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Good bye Arecibo...


Externet
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8 hours ago, Danijel Gorupec said:

Why the antenna broke - funds withdrawal or incompetent/malicious management? It does not look like an accident to me.

Why not? Time is a savage mistress that deteriorates all things. Despite regular maintenance, the dish is quite old and in a very difficult location to service and tend. There's no need to assume malice or ill intent when nature herself is the most likely cause. 

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Several recent hurricanes in the region contributed to the failure. 

Earthquakes helped too;  'Maria' hurricane in 2017;  In August 2020 a suspension cable broke starting the end :

WEBAreciboDishDamage.jpg

 

7 November 2020. The broken cable shown hanging down :

arecibocloseup_1200p_0.jpg?itok=JrUP1bKz

Edited by Externet
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23 minutes ago, iNow said:

Why not? Time is a savage mistress that deteriorates all things. Despite regular maintenance, the dish is quite old and in a very difficult location to service and tend. There's no need to assume malice or ill intent when nature herself is the most likely cause. 

I don't assume malice, but I would accept only few reasons for the wreckage:

- an earlier decision that maintenance expenses are too heavy and the telescope is to be left-on-its-own

- a beyond-design-basis event

If a maintenance program was in operation, then it was inadequate. Maintenance should maintain.

 

The reason I mention this is because the above photo can be used by anti-scientists for their agenda ("look how they spend your money"). If the telescope was intentionally abandoned, that must be clearly communicated to the public.

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There are two ways to look at this and I'm going with "Nobody got hurt and it's a great opportunity to modernise this facility which has been an epic emblem of astronomy for eighty years".

 

Is anyone with me?

Incidentally, when it was built in 1960 there was rather less focus on ensuring that planned maintenance could be done safely.

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33 minutes ago, John Cuthber said:

There are two ways to look at this and I'm going with "Nobody got hurt and it's a great opportunity to modernise this facility which has been an epic emblem of astronomy for eighty years".

 

Is anyone with me?

I agree

 

Quote


Incidentally, when it was built in 1960 there was rather less focus on ensuring that planned maintenance could be done safely.

No doubt. And also, I wonder what the planned lifetime of the facility was. There aren’t that many scientific instruments, especially at this scale, that are designed to last as long as this did. Not without large-scale overhauls

 

edit: The instrument was designed to have a ten-year lifetime.

http://www.naic.edu/~newslet/no37/NAICNo37.pdf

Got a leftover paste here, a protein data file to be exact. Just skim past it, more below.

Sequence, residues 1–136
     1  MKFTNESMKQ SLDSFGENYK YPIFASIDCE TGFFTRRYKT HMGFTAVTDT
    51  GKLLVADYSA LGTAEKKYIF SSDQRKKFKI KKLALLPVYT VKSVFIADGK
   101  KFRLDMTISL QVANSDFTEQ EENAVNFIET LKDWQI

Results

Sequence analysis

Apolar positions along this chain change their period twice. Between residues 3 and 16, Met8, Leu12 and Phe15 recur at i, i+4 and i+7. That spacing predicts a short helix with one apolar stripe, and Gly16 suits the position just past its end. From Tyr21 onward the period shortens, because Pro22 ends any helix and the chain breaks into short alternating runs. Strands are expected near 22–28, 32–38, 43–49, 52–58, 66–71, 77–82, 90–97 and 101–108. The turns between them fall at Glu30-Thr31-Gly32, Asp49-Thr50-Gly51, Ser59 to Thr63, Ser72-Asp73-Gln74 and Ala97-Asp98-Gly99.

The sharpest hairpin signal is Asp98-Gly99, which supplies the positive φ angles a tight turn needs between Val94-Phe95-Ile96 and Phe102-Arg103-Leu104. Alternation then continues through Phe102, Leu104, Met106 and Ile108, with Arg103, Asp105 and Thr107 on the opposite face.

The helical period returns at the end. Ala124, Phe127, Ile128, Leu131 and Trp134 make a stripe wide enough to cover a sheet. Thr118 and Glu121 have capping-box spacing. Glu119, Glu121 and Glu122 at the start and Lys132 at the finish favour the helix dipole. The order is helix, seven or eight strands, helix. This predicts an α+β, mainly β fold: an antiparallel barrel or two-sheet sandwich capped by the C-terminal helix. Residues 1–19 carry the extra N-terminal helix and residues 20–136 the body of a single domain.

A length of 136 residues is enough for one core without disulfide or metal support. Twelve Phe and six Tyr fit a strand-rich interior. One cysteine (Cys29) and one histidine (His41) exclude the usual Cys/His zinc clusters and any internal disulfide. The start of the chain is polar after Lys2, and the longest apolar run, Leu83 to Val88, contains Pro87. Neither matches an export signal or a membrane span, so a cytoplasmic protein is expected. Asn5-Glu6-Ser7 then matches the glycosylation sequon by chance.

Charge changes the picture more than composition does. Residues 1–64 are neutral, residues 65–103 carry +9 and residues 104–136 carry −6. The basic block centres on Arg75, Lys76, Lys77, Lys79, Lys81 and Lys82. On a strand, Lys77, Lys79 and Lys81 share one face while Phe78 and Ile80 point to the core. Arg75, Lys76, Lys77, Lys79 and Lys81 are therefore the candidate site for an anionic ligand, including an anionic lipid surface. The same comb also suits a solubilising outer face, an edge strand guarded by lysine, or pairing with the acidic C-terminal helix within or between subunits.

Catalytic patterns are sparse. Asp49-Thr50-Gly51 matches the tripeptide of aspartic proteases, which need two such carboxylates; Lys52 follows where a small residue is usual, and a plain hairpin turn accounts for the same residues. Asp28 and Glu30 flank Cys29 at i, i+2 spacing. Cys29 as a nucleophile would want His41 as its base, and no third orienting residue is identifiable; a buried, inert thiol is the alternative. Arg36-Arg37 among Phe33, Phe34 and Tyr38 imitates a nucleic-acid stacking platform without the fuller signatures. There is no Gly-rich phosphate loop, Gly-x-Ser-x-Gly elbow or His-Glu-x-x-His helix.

(That’s not to say that this was never extended)

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3 hours ago, John Cuthber said:

There are two ways to look at this and I'm going with "Nobody got hurt and it's a great opportunity to modernise this facility which has been an epic emblem of astronomy for eighty years".

Exactly my thoughts.

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38 minutes ago, John Cuthber said:

Quick thank you for not taking the piss out of my grasp of arithmetic. Sixty years, not 80.

No need to thank us. It is Christmas (almost).. :)

 

Edited by Sensei
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  • 2 weeks later...
On 12/4/2020 at 9:33 AM, iNow said:

Why not? Time is a savage mistress that deteriorates all things. Despite regular maintenance, the dish is quite old and in a very difficult location to service and tend. There's no need to assume malice or ill intent when nature herself is the most likely cause.

True

Edited by AtomicMX
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8 hours ago, Externet said:

Can someone explain the convenience of making this one spherical instead of parabolic ?

I think the Arecibo one was spherical too.
It' might be something to do with the lack of steering.
With a sphere it points in all directions- you just need to move the receiver.

But a paraboloid has a single axis that you have to line up with the target.

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20 hours ago, John Cuthber said:

I think the Arecibo one was spherical too.
It' might be something to do with the lack of steering.
With a sphere it points in all directions- you just need to move the receiver.

But a paraboloid has a single axis that you have to line up with the target.

Yes, this is also my understanding. In fact, as I understand, the PingTang telescope can never use its whole dish to listen a single (point) source.

But I don't understand what is the advantage, if any, in comparison to a synchronized array of small movable-dish telescopes? The price?

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